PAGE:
School-based project provides weekly iron folic acid supplementation and nutrition education to adolescent girls in Pakistan
The pilot project from Nutrition International and government partners has reached more than 5,000 in-school adolescent girls in the Lodhran district of Punjab Province with weekly iron and folic acid supplementation (WIFAS) and nutrition education.
Posted on December 18, 2023
ISLAMABAD, PAKISTAN: Nutrition International and its federal and provincial government partners recently hosted a national dissemination event on a school-based weekly iron folic acid supplementation (WIFAS) program. This was a pilot project for in-school adolescent girls. The project, which ran between 2019-2022 in the Lodhran District of Punjab, Pakistan, reached more than 5,000 adolescent girls in 50 public-sector schools with the recommended scheme of WIFAS. It also enhanced their knowledge about nutrition and iron deficiency anaemia. The dissemination event was organized to share the pilot project’s accomplishments, good practices and overall learnings.
“Girls constitute 48% of the total adolescent population in Pakistan and half of them are anaemic,” explained Dr. Shabina Raza, Nutrition International’s Country Director for Pakistan. “Addressing their nutritional needs is critical not only for their health and well-being, but for the generations they produce.”
While the Government of Pakistan’s Adolescent Nutrition Strategy and Operational Plan (2020–2025) includes WIFAS, an implementation model for delivering the program in practical settings has been needed. The pilot project — which was implemented in collaboration with the District Health and District Education Authorities in Lodhran, with technical oversight and leadership from the Nutrition Wing of the Ministry of National Health Services Regulations and Coordination (MoNHSRC), the Integrated Reproductive Maternal Newborn, Child Health & Nutrition Program (IRMNCH&N) Punjab and the Secondary Health Care Department of the Government of Punjab — sought to address that.
The WIFAS project demonstrated remarkable success in a short time. Increased levels of awareness about anaemia prevention measures, acceptance of WIFA supplements and almost complete adherence to IFA tablets among those that received them, demonstrates the effective delivery of the WIFAS pilot project. “The pilot phase was successful in showcasing an operational model of implementing the WIFAS program for in-school adolescent girls and generating acceptance from all stakeholders, including national, provincial and district-level government authorities, schools, communities and beneficiaries,” said Dr. Raza.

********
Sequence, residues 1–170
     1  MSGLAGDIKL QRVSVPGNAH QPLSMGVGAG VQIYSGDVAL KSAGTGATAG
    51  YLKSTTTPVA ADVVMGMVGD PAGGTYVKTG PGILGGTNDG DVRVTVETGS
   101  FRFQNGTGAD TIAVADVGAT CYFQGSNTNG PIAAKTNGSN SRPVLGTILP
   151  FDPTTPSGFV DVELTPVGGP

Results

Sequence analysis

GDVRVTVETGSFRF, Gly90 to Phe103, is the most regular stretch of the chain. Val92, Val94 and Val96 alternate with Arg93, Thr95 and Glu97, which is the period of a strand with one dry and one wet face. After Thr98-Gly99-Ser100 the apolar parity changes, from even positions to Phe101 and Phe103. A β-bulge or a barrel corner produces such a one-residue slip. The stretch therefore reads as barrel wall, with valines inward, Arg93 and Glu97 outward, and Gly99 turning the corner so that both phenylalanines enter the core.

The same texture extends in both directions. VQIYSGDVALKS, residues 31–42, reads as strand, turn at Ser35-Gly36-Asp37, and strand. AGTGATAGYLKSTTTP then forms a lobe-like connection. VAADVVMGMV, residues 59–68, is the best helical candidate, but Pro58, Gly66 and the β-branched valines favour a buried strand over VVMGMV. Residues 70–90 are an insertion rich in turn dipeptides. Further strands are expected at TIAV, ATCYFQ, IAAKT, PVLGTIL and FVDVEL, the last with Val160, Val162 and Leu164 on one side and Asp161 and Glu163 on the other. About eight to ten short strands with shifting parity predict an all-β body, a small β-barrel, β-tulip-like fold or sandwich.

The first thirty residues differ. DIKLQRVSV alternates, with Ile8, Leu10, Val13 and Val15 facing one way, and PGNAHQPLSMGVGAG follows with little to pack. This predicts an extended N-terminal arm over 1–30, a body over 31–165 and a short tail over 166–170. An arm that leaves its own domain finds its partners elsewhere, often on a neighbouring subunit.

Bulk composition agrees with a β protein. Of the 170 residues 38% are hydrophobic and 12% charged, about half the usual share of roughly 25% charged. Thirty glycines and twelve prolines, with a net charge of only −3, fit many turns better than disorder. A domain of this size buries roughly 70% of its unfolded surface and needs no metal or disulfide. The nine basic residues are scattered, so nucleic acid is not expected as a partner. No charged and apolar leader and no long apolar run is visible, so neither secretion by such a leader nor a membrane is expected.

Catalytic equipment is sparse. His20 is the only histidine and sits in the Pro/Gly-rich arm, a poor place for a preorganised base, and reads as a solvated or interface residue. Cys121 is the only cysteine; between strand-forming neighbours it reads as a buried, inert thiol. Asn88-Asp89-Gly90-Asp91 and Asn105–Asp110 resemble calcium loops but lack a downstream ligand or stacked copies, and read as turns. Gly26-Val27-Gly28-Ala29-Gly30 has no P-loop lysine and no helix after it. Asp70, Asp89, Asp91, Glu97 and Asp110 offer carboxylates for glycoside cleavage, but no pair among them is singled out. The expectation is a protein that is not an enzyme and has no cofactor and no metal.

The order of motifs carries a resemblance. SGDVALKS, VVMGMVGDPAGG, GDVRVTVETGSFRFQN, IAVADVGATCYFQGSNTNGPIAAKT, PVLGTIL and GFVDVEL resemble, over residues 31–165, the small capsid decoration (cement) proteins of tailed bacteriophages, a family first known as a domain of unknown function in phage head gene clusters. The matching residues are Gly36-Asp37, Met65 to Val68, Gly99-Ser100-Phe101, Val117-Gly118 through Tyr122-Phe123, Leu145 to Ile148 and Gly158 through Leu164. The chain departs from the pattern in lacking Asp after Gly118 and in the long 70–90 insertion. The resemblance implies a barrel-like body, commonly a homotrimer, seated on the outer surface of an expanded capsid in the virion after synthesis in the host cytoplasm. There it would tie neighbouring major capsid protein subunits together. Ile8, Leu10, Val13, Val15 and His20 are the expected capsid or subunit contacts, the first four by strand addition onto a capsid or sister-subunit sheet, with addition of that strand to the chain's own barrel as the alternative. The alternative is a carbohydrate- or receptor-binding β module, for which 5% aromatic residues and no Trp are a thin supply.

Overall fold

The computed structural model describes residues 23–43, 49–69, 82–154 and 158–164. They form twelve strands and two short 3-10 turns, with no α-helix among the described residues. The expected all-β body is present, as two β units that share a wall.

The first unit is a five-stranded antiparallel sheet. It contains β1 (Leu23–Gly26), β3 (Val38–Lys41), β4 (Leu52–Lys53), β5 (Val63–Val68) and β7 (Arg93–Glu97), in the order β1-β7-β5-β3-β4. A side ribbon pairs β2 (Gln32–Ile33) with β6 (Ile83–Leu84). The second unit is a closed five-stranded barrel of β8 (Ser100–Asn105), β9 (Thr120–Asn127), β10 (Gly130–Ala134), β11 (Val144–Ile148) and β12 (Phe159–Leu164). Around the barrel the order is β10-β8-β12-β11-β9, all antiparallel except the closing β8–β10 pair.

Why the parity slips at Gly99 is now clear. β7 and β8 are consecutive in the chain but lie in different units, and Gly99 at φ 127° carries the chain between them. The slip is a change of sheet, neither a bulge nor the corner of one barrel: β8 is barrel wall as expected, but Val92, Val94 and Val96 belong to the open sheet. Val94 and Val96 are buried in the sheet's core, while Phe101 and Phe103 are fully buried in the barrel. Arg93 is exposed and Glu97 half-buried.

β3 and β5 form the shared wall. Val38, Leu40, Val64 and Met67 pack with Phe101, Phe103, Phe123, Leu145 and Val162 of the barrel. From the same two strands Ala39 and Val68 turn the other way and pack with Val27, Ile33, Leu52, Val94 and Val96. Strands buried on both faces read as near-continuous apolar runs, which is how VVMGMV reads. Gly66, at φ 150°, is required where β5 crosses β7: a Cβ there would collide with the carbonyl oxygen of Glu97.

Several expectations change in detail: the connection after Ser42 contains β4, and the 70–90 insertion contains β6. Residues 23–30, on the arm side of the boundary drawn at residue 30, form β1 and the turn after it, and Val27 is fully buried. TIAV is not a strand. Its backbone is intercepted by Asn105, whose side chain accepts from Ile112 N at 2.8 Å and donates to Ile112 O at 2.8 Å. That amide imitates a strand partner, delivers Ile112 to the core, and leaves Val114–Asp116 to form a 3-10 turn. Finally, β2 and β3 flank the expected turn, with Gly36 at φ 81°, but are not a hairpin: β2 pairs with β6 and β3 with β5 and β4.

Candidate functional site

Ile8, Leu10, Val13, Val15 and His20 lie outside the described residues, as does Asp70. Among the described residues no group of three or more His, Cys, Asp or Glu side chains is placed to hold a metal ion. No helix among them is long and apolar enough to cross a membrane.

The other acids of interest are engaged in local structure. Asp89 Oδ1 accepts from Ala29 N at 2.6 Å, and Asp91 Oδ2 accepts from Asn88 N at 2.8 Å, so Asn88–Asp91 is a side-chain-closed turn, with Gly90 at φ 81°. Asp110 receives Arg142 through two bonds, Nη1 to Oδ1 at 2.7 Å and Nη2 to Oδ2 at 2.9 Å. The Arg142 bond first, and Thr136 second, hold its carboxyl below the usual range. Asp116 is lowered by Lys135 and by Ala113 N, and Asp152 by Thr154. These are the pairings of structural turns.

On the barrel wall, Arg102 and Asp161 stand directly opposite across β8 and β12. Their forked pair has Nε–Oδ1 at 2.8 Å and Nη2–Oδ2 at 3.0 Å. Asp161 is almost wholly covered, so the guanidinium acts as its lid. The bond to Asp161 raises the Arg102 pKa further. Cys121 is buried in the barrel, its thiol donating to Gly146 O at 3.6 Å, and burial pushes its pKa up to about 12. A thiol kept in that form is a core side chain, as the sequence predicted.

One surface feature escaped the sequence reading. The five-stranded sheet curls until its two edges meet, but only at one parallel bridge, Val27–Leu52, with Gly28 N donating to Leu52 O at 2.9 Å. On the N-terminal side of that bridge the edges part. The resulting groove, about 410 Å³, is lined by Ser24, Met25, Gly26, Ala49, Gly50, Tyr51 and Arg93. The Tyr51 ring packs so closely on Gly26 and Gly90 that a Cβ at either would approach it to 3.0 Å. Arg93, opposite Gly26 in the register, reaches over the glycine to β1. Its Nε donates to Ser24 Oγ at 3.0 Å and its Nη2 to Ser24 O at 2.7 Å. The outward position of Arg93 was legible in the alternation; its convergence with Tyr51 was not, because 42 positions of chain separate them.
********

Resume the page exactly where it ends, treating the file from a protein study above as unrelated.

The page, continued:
The project dissemination event was attended by more than 80 participants, including: Dr. Khawaja Masuood Ahmed (National Coordinator in the Ministry of National Health Services, Regulations and Coordination), Dr. Faisal Waheed (CEO of District Health Authority Lodhran), Dr. Fazal Majeed (Director Nutrition, Khyber Pakhtunkhwa), Dr. Musa Khan (Project Director, Integrated Health Khyber Pakhtunkhwa), Dr. Abdul Latif (District Health Officer, Swabi), Mr. Ayaz Kambho (Assistant Director Education, Lodhran), Dr. Naseem Katkezi (District Health Officer Pishin) and representatives from international development organizations, civil society organizations, academia and the media.
Dr. Nadeem Jan, Federal Minister for National Health Services and one of the key speakers at the event, expressed his appreciation for the “great initiative” and effort of Nutrition International and the Nutrition Wing of MoNHSR&C in running the pilot. In particular, he noted that “the WIFAS pilot project has been a well-coordinated and comprehensive program.”
“Health and nutrition specifically rank high among Canada’s international assistance priorities,” added Mr. Lukas Van Arragon, Second Secretary (Development) at the Canadian High Commission in Islamabad, who also attended the event. “The WIFAS program has been an exciting and promising initiative, and this event provides an excellent platform to emphasize the crucial work being done to address anaemia among adolescent girls.”
Building on the successful pilot, Nutrition International has expanded the program to two new districts: Swabi in Khyber Pakhtunkhwa and Pishin in Balochistan. In its new phase, which runs between 2022 and 2025, the project will reach at least 60,000 adolescent girls with WIFAS and appropriate education about anaemia.